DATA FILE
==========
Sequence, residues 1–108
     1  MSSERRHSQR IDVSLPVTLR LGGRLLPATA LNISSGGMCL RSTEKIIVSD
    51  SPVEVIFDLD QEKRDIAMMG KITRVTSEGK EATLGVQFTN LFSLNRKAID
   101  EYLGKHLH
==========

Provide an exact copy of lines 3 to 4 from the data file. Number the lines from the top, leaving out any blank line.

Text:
    51  SPVEVIFDLD QEKRDIAMMG KITRVTSEGK EATLGVQFTN LFSLNRKAID
   101  EYLGKHLH